• Instead of the metal pins used in the prior art device shown in FIG. 1, the pump 112 in FIG. 2 is secured together against the constant vibrations of the dish washing machine by three types of plastic devices for snap-fitting the front casing portion 100 together with the cover or rear casing portion 110. The first type is a C-shaped groove (not shown) in a circular recess 135 into which a C-shaped tongue 136 is inserted. In an alternate embodiment, at least a pair of straight grooves and a mating pair of straight tongues 136 may be used. The second type of plastic device is a trio of square, open-ended boxes 138 into which a trio of springy, plastic clip pairs 140 are inserted. At least two of these boxes 138 and clip pairs 140 are needed for the front casing portion 100 and the rear casing portion 110 to be snap-fitted together. The third type of plastic device is the pair of bosses 142 on each side of the front casing portion 100. The bosses 142 are inserted through the pair of hollow cylindrical sleeves 144. In an alternate embodiment, only one boss 142 and one sleeve 144 may be used. Note that the groove in the recess 135, the boxes 138 and the bosses 142 are positioned on an outer periphery of the front casing portion 100 while the tongue 136, the clip pairs 140 and the sleeves 144 are positioned on an outer periphery of an interior wall of the rear casing portion 110. However, in an alternate embodiment, the groove in the recess 135, the boxes 138 and the bosses 142 may be positioned on the rear casing portion 110 while the tongue 136, the clip pairs 140 and the sleeves 144 may be positioned on the front casing portion 100. An ultrasonic welding rod (not shown) is applied to three areas on an exterior wall of the rear casing portion 110 where the bosses 142 are inserted through the sleeves 144 into the ears 166 in order to heat and melt each boss 142 into its aligned sleeve 144 and ear 166 so that the boss 142, the sleeve 144 and the ear 166 are fused together. Thus, the pump 112 is not jarred apart by the constant vibrations caused by the dish washing machine.
  • In FIG. 3, the triangular rotor 114 for low torque and low vibration operations is illustrated. The rotor 114 and its rollers 122 are exploded apart to show how they are connected together. A front face 146 of the rotor 114 has formed integrally on its inner side three stepped male inserts 148. A rear face 150 has formed integrally on its inner side three aligned cylindrical barrels 152 with which the male inserts 148 mate. Each roller 122 has a cylindrical bore 156 through its center along its longitudinal axis 158. Note that a dowel 154 is mounted inside the rotor 114 and aligns the plurality of mated inserts 148 and barrels 152 around a central D-shaped bore 172. A single central large cylindrical barrel 170 carries the dowel 154 and surrounds the D-shaped bore 172 through which the shaft 118 of FIG. 2 with its D-shaped cross section passes in order to rotate the rotor 114.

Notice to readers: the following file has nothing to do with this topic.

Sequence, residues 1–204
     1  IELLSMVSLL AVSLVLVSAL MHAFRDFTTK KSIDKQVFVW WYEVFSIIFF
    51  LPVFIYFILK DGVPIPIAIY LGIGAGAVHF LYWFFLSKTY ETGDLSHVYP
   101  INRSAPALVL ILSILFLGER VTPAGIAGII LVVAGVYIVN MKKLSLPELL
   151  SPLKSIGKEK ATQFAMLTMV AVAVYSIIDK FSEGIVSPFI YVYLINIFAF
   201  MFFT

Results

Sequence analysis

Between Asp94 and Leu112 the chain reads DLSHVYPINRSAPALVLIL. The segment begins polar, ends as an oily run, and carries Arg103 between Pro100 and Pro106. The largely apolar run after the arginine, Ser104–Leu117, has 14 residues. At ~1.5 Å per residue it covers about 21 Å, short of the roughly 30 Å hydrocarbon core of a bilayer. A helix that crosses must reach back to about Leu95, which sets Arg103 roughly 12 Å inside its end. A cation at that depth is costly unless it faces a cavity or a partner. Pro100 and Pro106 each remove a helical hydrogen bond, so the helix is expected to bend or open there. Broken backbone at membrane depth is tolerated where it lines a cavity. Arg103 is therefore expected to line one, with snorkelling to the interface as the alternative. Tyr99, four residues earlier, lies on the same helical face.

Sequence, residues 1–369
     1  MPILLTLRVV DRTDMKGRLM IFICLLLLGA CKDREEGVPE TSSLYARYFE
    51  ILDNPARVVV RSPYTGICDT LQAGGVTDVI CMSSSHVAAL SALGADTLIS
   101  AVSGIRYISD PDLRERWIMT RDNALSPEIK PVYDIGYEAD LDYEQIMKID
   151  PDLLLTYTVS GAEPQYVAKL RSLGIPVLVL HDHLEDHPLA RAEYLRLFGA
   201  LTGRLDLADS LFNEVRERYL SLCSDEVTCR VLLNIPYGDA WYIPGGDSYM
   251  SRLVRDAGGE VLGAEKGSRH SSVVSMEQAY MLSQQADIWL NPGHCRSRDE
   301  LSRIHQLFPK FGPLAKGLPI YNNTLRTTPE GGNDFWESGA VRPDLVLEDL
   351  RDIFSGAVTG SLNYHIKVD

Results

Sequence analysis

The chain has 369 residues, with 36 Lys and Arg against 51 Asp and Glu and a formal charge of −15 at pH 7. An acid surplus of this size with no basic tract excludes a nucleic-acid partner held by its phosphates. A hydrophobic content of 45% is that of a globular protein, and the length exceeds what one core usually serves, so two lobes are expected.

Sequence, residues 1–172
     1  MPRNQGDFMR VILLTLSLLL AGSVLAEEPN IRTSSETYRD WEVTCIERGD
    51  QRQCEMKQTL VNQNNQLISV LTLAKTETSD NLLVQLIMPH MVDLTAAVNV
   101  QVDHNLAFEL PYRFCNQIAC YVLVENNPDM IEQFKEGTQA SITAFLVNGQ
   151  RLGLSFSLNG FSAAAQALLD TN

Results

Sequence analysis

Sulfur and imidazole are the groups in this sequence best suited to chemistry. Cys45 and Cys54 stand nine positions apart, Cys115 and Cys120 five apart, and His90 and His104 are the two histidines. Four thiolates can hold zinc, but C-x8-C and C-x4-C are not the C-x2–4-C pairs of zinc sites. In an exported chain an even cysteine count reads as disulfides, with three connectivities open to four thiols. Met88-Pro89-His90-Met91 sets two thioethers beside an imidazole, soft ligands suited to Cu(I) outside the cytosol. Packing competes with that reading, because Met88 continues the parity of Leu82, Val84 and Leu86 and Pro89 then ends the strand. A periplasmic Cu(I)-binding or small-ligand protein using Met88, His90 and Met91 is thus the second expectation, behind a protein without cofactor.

• In FIG. 3, the rotor 114 is assembled in the following manner. First, the rollers 122 are slipped onto the barrels 152. Second, the inserts 148 are plugged into the bores 156 of the barrels 152 so that the mated inserts 148 and the barrels 152 carry the rollers 122. Simultaneously, the dowel 154 is inserted into a bore (not shown) made in the inner side of the front face 146. An ultrasonic welding rod (not shown) is applied to three areas on an outer side of the rear face 150 where the inserts 148 are plugged into the barrels 152 so that the inserts 148 and the barrels 152 are fused together. However, care must be taken so that too much heat is not applied in order to prevent the rollers 122 on the barrels 152 from being deformed.
  • In FIG. 4, there is shown a top end view of the front casing portion 100 which functions as part of the main housing for both the first and second embodiments. The U-shaped inlet channel 104 secures an entrance for the flexible tube (not shown) while the U-shaped outlet channel 108 secures an exit for the flexible tube. A top of one box 138 is also seen. In the first embodiment for low torque and low vibration operations, a pair of bosses 142 on each side, of which only the top boss 142 is seen, is insertable through the pair of hollow cylindrical sleeves 144 on each side shown in FIG. 5 on the interior wall of the rear casing portion 110. In FIG. 4, the bracket 164 attaches the front casing portion 100 to the dish washing machine (not shown). The front casing portion 100 is also secured to the rear casing portion 110 of FIG. 5 by the trio of clip pairs 140 which are inserted into the boxes 138 of FIG. 4, of which only one box 138 is shown in FIG. 4. Likewise, in FIG. 5, the circular tongue 136 arranged on the interior wall of the rear casing portion 110 is inserted into the groove (not shown in FIG. 4, but see the back of the groove in the recess 135 illustrated in FIG. 2). In FIG. 5, an opening 162 through the center of the rear casing portion 110 allows the output shaft 118 seen in FIG. 2 to extend therethrough to engage with and drive the rotor 114 of FIG. 3.